Calcified Mitral Valve
- Specific to the decision-making process among patients, families, cardiologist and surgeons, Dr. Gerdisch suggests there are several nuances to be considered. Dr. Gerdisch states, “I think there are layers of conversation that are worth having. The questions are: Is the valve leaking because of changes in the structure and function of the left ventricle and not a problem with the valve? In those cases, lean MitraClip. Is it a discrete, easy to fix lesion in somebody who you really are trying to stay away from heart surgery? It’s reasonable to consider the MitraClip in that patient. Is it a complex leak that you’re not sure is going to go away with one MitraClip and the patient is otherwise reasonably healthy at 78? Those patients need to at least be given the option to have a minimally-invasive operation to treat their mitral valve.”
- Dr. Gerdisch’s advice for patients and their families in a similar situation to Brian’s mom is (i) learn about the available treatment options, (ii) have detailed conversations with medical teams that specialize in mitral valve therapy, (iii) find doctors with whom you are comfortable with, (iv) realize that most mitral valve procedures are not emergencies, and (v) do everything possible to make the mitral valve operation a “one-time event”.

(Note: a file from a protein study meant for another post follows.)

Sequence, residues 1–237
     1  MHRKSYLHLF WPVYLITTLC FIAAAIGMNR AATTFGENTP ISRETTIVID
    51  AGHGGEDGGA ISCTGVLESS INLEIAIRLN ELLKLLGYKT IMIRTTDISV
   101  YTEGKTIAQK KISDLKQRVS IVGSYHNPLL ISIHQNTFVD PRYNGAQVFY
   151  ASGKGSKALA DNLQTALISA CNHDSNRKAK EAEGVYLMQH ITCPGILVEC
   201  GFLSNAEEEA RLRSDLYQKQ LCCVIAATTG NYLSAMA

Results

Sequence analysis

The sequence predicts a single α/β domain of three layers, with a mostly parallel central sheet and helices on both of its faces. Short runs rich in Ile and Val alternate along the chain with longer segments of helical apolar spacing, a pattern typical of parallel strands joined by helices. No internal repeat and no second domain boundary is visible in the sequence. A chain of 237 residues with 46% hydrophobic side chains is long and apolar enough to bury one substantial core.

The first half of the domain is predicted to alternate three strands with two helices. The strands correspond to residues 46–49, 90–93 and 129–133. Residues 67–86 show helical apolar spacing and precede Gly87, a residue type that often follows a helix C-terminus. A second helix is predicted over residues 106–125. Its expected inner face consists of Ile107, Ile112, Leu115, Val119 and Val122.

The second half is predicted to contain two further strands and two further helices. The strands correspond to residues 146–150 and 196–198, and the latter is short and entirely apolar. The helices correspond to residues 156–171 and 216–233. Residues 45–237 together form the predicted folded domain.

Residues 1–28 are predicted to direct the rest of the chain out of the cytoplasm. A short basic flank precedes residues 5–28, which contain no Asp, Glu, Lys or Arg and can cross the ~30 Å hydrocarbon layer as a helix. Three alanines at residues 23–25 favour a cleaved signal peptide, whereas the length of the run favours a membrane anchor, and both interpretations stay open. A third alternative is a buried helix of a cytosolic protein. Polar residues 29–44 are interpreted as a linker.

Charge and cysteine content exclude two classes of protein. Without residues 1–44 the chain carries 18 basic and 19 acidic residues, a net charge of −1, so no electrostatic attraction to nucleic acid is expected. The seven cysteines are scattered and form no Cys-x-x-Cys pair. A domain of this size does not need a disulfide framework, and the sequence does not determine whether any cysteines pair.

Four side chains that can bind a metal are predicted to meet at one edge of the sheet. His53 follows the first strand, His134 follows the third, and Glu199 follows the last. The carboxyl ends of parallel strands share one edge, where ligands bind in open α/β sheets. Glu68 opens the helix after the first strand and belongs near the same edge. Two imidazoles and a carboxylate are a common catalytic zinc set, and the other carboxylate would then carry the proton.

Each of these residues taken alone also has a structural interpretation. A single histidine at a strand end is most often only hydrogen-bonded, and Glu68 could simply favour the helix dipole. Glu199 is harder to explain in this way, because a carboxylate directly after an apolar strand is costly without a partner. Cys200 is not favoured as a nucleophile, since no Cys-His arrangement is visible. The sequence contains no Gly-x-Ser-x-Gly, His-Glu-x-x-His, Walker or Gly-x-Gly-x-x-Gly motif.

Many Thanks Dr. Gerdisch & Franciscan Health!
On behalf of our entire patient community, many thanks to Dr. Gerdisch for sharing his clinical experience and research with our community! Also, many thanks to the Franciscan Health team for taking such great care of heart valve patients.
- MitraClip for Mitral Regurgitation: Patient Facts
- REPAIR MR Clinical Trial: Now Enrolling Patients
- MitraClip Success: Michelle Will Not Need Heart Transplant Thanks to MitraClip
- Surgeon Insights: Minimally-Invasive Mitral Valve Repair Surgery
- Stroke Risk & Heart Valve Calcification: What Should You Know?
- Surgeon Q&A: Will I Need Mitral Valve Surgery?
Keep on tickin!
P.S. For the hearing impaired members of our patient community, I have provided a written transcript of this video below.
Adam Pick: Hi, everybody. It’s Adam with heartvalvesurgery.com. Today we’re answering your questions about the use of the MitraClip for the treatment of severe mitral regurgitation. I am thrilled to be joined by Dr. Marc Gerdisch who is the chief of cardiac surgery at Franciscan Health in Indianapolis, Indiana. During his fantastic career, Dr. Gerdisch has performed over 6,000 cardiac procedures of which more than 4,000 involved some form of heart valve repair or heart valve replacement. Dr. Gerdisch, it is great to see you again. Thanks for being here.
Dr. Gerdisch: Thanks for having me, Adam. Always happy to be here.
Adam Pick: Yeah, so let’s get to Brian’s question which is all about the MitraClip, Dr. Gerdisch. He asks, “Adam, my mom, who is 78, was unexpectedly diagnosed with severe mitral regurgitation. She is active but definitely slowing down lately. I’ve been reading about the MitraClip as I’d like her to avoid open heart surgery. Is the MitraClip an appropriate therapy for my mom?”